Artusi’s May: Tuscan Chicken Liver Pate

If there was one defining Tuscan recipe for me it might just be the recipe for chicken liver pate served on crostini, otherwise known in Italian as crostini di fegatini, crostini neri (‘black crostini’) or crostini toscani.

crostini di fegatini Artusi recipe


This favourite Tuscan antipasto is rustic, tasty, cheap and sensible, reflecting the peasant roots of Tuscan cooking where nothing was thrown away (this makes good use of day old bread and cheap chicken livers) and it features on the menu of literally every trattoria in Tuscany, not to mention on the tables for every birthday, Easter, Christmas or other important family gathering in a Tuscan home.

Some even believe that this pate is one of the recipes that Florentine noblewoman Catherine de’ Medici brought with her to France when she married Henry II, only to have the French reinterpret this recipe as their foie gras.

Tuscan chicken liver pate - fegatini crostini

There are as many recipes for crostini di fegatini as there are grandmothers in Tuscany, so this recipe inevitably varies from one household to the next. Pellegrino Artusi’s version is quite different to the one in my husband’s family, which is made with the addition of capers, salty anchovies and walnuts. But, as we are here to honour Artusi’s recipe from his 120 year old cookbook, Science in the Kitchen and the Art of Eating Well, this one is made instead with a soffritto of finely diced vegetables and dried porcini mushrooms to add flavour. Today these are not such typical ingredients but they make a somewhat lighter pate than the usual earthy, dense fegatini spread.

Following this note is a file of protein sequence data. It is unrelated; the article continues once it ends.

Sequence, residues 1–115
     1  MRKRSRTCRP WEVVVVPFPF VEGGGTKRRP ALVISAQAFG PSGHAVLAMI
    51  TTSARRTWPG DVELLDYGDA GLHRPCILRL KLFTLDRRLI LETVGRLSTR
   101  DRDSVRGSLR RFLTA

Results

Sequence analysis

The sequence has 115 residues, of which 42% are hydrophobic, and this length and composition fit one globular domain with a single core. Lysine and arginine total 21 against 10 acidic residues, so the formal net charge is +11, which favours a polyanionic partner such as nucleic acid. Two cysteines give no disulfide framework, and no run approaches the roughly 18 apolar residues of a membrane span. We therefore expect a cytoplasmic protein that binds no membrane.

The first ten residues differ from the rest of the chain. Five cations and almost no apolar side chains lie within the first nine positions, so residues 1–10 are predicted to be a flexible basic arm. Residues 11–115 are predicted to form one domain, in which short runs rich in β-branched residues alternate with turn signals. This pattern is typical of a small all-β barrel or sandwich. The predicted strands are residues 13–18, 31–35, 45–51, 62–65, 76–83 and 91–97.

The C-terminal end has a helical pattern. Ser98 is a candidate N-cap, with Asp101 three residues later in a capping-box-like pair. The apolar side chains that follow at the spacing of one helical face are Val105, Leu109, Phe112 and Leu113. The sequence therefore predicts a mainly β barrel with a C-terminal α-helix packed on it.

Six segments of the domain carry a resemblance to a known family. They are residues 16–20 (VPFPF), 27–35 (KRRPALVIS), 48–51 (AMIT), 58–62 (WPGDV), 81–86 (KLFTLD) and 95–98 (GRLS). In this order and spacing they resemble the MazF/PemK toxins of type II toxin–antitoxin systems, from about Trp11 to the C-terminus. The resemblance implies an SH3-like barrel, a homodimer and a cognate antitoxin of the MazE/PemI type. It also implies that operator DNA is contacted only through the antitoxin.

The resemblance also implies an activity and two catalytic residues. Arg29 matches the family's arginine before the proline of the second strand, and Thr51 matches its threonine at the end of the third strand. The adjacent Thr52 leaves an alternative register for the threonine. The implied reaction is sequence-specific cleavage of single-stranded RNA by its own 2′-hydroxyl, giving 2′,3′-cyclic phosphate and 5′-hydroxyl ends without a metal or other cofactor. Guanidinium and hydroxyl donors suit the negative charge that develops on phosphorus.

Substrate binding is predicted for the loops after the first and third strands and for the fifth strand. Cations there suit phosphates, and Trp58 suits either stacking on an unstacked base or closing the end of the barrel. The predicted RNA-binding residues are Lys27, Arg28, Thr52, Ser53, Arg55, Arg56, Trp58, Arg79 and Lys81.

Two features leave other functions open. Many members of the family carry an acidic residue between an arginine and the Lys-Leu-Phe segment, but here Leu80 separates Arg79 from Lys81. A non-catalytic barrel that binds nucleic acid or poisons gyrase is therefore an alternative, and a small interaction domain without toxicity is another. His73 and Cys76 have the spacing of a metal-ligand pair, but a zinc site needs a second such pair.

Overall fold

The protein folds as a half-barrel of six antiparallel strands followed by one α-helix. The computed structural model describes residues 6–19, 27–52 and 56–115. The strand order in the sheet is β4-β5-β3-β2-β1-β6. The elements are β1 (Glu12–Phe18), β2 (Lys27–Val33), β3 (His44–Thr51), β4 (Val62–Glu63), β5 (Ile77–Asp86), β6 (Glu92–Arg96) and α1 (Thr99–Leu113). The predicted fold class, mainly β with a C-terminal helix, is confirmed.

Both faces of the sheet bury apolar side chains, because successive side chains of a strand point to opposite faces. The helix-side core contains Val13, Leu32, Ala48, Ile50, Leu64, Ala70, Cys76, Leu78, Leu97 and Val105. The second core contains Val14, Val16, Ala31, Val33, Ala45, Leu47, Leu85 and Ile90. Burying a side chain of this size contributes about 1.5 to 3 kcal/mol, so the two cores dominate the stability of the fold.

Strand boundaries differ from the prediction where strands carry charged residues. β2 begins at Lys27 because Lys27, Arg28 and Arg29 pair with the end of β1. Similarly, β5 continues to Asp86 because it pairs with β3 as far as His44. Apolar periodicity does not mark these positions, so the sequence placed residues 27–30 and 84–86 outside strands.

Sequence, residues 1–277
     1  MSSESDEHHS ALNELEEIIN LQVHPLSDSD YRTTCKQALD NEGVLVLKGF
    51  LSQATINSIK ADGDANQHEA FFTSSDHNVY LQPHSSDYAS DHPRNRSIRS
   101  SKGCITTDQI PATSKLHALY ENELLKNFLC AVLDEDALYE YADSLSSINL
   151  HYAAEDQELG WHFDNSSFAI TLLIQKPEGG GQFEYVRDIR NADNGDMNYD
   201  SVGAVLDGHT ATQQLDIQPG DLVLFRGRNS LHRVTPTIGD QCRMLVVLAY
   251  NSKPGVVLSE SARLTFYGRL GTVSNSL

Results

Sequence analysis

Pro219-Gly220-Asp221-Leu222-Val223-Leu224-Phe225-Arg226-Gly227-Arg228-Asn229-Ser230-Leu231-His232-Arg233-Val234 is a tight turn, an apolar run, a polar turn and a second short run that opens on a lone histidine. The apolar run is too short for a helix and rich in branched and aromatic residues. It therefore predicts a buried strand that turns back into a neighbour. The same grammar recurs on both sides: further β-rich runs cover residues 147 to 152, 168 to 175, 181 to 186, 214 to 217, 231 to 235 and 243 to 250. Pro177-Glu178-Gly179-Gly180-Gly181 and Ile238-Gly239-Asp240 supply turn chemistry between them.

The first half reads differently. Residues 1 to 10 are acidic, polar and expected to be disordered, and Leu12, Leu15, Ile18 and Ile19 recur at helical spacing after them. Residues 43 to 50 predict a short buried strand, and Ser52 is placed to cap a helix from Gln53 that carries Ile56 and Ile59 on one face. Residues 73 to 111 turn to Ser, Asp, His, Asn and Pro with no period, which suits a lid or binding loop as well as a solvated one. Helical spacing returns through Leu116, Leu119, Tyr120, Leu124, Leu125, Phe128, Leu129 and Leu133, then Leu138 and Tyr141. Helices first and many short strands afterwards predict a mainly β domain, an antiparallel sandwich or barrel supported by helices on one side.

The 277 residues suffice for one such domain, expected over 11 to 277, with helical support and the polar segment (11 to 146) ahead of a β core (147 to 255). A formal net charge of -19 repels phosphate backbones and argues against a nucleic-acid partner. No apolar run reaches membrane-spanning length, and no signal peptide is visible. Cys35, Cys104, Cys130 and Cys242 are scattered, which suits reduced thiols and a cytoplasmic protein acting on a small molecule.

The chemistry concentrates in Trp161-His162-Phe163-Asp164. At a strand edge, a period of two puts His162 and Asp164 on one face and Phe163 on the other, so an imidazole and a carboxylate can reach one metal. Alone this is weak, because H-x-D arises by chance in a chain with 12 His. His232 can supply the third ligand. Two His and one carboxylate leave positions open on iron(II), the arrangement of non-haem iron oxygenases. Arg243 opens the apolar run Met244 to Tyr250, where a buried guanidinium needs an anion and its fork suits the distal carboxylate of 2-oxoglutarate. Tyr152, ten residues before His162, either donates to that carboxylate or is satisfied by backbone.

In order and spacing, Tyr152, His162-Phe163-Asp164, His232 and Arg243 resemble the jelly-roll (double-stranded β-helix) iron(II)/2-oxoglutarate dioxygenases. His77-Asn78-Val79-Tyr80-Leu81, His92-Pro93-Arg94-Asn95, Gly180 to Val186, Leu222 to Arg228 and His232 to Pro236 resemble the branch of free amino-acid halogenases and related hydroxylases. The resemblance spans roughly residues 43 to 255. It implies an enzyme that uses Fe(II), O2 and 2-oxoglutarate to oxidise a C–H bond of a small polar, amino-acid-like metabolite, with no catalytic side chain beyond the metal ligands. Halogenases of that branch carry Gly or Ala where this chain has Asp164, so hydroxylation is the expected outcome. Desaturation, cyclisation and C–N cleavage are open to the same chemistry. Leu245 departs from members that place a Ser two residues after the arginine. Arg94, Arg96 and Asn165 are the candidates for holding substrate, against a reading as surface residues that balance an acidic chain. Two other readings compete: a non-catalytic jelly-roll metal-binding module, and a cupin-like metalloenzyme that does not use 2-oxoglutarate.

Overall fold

A small adjustment to the original recipe here is the addition of chicken hearts together with the livers. You can make it with all liver if you prefer; in Tuscan supermarkets the hearts and livers are sold together so they are often cooked together for this dish. Artusi chops his pate ingredients (a mezzaluna is perfect for this) for a rustic topping but the final texture of the pate is completely up to you — some prefer a smoother pate, in this case you can puree the mixture with a hand blender directly in the pan. A Tuscan would also likely use olive oil in place of the butter here — although Artusi lived in Florence for many years, he is originally from Emilia-Romagna where butter is used more often.

fegatini crostini - Tuscan chicken liver crostini Artusi

Artusi’s Tuscan Chicken Liver Pate for Crostini (Crostini di Fegatini di Pollo)

In his cookbook (and as is the case with many of his recipes and other recipe books of his time), Artusi does not give any measurements in this recipe, so I have tried to give these indications. If you like, you can add a teaspoon of rinsed and drained capers and a few drained anchovies to the mix. This will make about 20 crostini.

  • 1 eschalot
  • ½ stalk of celery
  • ½ carrot
  • a handful of chopped parsley leaves
  • A thin slice of pancetta, chopped roughly
  • 1-2 tablespoons of butter (or olive oil)
  • 300 grams of chicken livers (and hearts, if using)
  • 250 ml (1 cup) of chicken or vegetable stock
  • 3 pieces of dried porcini mushrooms, soaked in warm water to soften and finely chopped
  • 1 tablespoon of breadcrumbs
  • Juice of one lemon
  • Salt and pepper to taste
  • A thin loaf of bread, such as a baguette for crostini (day old bread is suitable)